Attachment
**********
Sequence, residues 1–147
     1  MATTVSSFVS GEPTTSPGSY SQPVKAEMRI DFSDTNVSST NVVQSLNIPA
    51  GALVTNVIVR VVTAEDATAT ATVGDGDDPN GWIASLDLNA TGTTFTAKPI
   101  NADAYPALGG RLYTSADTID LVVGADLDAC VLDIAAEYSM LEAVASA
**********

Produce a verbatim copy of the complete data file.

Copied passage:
Sequence, residues 1–147
     1  MATTVSSFVS GEPTTSPGSY SQPVKAEMRI DFSDTNVSST NVVQSLNIPA
    51  GALVTNVIVR VVTAEDATAT ATVGDGDDPN GWIASLDLNA TGTTFTAKPI
   101  NADAYPALGG RLYTSADTID LVVGADLDAC VLDIAAEYSM LEAVASA